I recently completed 10gen's MongoDB for Developers online course. It was the first time they had run the course so there were a few bumps in the road - and Superstorm Sandy closed 10gen's New York office for a while - but overall it went very smoothly, especially considering they had over 20,000 students sign up! [Update: 10gen have blogged about the statistics of the course.]
If you're interested in learning about MongoDB, I would highly recommend the course. It's free - which is amazing when you consider how much work has gone into the material and the cost of running and hosting such a system. It runs for seven weeks and 10gen suggest allowing up to ten hours a week to run thru the lectures and do the homework (in the first six weeks) and completing the final exam (week seven). Most weeks took me between two and four hours but some students reported substantially more time investment than that. Many of the homework exercises are non-trivial so you should be prepared to put in a decent amount of work. It's worth it. 10gen said that almost 20% of the initial students actually completed the course. That may sound like a high drop-out rate but it's actually a pretty good completion rate for a free, online course.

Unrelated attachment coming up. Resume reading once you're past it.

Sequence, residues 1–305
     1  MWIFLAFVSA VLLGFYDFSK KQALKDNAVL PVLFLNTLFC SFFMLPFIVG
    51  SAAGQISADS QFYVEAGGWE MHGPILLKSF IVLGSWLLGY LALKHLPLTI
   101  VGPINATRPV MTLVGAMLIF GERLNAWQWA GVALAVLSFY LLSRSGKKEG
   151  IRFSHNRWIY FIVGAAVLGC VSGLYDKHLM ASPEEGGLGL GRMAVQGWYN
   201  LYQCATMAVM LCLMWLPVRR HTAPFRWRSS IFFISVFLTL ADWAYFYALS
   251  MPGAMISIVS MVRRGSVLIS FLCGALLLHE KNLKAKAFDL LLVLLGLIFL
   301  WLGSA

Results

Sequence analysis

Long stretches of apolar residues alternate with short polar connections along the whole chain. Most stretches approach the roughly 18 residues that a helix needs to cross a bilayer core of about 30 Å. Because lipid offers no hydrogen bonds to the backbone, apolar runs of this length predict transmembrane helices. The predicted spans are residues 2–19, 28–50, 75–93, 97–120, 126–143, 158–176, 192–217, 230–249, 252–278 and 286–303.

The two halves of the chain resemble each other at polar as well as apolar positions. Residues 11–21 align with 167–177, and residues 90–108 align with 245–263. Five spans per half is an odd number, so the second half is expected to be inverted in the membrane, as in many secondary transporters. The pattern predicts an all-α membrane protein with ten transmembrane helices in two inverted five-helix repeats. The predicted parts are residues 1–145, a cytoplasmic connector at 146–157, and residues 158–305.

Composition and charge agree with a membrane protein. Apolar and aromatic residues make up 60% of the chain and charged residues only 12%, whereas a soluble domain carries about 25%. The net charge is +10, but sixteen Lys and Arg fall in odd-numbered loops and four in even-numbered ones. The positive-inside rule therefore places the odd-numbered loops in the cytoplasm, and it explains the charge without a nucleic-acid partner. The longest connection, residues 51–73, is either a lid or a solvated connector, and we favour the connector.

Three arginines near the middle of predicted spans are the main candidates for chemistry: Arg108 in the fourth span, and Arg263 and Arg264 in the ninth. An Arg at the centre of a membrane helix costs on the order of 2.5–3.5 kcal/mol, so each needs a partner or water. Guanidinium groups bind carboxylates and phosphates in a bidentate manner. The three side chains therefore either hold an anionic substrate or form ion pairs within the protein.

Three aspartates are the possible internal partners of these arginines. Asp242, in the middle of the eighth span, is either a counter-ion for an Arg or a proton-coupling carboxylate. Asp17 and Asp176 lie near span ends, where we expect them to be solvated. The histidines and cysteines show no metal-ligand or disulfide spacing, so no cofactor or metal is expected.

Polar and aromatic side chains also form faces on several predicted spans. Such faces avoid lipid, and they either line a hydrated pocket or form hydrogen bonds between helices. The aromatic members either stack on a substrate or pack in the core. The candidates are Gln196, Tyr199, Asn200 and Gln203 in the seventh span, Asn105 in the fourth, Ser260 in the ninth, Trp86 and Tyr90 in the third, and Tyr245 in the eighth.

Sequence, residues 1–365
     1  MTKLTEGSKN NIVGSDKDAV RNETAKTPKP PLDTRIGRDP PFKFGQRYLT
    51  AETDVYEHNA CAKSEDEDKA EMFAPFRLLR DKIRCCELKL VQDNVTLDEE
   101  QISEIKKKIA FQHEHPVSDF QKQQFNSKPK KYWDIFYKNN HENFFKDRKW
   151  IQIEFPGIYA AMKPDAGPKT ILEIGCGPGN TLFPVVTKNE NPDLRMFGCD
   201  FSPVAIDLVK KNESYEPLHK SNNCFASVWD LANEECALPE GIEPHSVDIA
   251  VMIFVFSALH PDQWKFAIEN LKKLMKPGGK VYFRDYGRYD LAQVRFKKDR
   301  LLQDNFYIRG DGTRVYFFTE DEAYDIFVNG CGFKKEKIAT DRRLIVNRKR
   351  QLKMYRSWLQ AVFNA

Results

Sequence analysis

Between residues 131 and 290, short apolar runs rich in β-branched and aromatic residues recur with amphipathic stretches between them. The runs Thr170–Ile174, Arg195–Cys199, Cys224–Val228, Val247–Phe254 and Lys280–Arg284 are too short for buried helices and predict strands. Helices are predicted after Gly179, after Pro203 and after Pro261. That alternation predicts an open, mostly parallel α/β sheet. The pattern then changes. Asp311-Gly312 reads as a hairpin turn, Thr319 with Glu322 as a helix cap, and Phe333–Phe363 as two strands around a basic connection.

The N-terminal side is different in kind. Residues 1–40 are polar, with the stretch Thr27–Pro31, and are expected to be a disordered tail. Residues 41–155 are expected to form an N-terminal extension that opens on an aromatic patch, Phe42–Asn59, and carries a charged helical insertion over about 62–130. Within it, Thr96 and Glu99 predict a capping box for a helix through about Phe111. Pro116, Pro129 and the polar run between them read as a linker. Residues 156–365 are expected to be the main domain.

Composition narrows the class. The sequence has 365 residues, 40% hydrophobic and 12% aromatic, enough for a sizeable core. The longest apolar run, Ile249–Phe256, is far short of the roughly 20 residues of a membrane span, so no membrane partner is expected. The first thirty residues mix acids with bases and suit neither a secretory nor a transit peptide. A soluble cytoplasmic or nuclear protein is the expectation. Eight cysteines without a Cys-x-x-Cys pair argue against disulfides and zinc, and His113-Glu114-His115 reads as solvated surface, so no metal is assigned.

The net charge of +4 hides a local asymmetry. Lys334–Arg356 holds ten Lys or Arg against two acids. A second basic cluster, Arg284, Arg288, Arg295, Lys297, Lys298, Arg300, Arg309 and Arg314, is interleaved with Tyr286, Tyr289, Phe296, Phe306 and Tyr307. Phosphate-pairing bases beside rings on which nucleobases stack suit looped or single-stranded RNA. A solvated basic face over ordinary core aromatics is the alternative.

So what do you actually learn? The first week introduces MongoDB concepts and data structures, covers installation, shows how to use the mongo shell, and introduces the project that will be used for a number of the homework exercises. Week 2 covers the basics of CRUD and various query operations. Week 3 covers schema design and trade offs you need to be aware of. Week 4 covers performance-related issues (indexing, monitoring and profiling, some aspects of sharding). Week 5 covers the aggregation framework (introduced in MongoDB 2.2). Week 6 digs into application issues that arise from replication, sharding and various features inherent in the standard MongoDB drivers.
If you take the M101P course, it will teach you a little Python along the way, enough to do homework exercises based on a simple blogging engine written in Python that 10gen provide. I blogged about learning Python thru this course back in October and I'll be honest, I ended up being a little disappointed at how little Python 10gen taught. Even so, some students complained bitterly about being "forced" to learn Python. I just don't get that attitude at all - isn't part of taking a course about learning new stuff?
If you take the new M101J course, it will not teach you Java. You are expected to know Java for that course.